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Education Costs Drive Town Budget

Education Costs Drive Town Budget

At a special meeting on March 30, the Woodbridge Board of Finance voted to recommend a $47.7 million budget for Fiscal Year 2016-17, which represents a 3.3 percent increase over the current budget. The increase is driven to some degree by an increase in the school population, both at Amity and at Beecher Road School. Although the Amity Board of Education worked out a 1.99% budget increase with the district administration, Woodbridge’s share of that budget will increase by 5.8% due to a population shift.

The Woodbridge School District budget represents a 2.48% increase, driven primarily by special education needs. Enrollment at the elementary school is projected to continue to increase in the next four years, which will eventually continue to impact the town’s share of the Amity budget in upcoming years.

The 2016-17 expenditure package as presented includes $19.5 million for the town; $14.29 million for Amity and $13.8 million for Beecher.

Budget Hearing: Town officials will present the municipal budget at the annual hearing Monday, April 25, at 7:30 p.m. in the Senior Center. Residents get to vote on it at the annual Town Meeting, Monday, May 16, at 7:30 p.m. in the Center gym. In the event of a lack of a quorum, the Board of Finance gets to set the mill rate, which it typically does following the Town Meeting.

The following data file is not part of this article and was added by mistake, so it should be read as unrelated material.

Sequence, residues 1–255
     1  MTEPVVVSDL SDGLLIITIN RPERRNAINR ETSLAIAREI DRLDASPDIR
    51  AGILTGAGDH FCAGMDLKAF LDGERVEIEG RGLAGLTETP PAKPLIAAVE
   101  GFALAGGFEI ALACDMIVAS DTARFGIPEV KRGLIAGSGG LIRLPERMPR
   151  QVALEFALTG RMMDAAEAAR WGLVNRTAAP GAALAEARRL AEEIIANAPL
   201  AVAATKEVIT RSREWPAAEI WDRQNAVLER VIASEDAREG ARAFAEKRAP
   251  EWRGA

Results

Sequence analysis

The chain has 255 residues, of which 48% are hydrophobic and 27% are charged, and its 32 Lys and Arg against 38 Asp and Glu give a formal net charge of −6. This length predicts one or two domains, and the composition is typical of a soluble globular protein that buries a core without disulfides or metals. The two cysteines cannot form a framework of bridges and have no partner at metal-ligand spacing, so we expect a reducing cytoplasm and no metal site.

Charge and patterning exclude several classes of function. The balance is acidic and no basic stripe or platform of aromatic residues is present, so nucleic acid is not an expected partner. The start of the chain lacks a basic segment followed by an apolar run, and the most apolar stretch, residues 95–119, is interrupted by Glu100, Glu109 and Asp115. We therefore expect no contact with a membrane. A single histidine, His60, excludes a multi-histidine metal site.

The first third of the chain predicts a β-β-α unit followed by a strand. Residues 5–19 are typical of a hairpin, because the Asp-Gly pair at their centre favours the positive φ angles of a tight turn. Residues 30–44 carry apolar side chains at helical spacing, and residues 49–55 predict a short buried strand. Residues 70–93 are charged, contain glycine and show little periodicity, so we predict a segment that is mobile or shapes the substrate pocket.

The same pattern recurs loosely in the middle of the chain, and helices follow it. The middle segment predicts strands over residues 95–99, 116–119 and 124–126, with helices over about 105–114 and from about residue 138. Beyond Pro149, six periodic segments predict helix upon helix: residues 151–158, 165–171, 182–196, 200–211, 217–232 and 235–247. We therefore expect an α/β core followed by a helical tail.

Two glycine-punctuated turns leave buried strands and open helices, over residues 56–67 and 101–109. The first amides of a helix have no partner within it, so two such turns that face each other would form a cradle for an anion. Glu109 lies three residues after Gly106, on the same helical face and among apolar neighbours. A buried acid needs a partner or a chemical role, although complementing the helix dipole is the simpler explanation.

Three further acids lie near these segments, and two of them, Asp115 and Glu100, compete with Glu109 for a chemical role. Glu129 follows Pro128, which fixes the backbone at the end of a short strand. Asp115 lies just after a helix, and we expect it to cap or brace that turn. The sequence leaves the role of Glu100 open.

Budget Cuts: In an effort to keep tax increases at or below 3%, the Woodbridge Board of Finance considered across-the-board funding reductions in certain spending categories, such as computer updates, vehicle replacement and road repairs. Thus, the annual road repair budget was reduced from $750,000 to $500,000; the contribution to the Public Works truck reserve was reduced by $179,000; police vehicle replacement was reduced by $47,000 and the technology budget for Beecher was reduced to $65,000 (down from a requested $125,000).

Mill Rate: Given that the state voted to cap motor vehicle mill rates at 32 mills ($32 per $1,000 assessed value), the revenue from taxes will shift to real estate and personal property, said Finance Director Anthony Genovese. The mill rate on real estate property will jump to 39.2 from the current 37.66 to support the budget as presented. That means an additional $1.54 in property taxes for every $1,000 in assessment, or $539 for a property assessed at $350,000.

The town will therefore have two mill rates going forward, one for motor vehicles, the other for real estate.

By Bettina Thiel – Woodbridge Town News Correspondent

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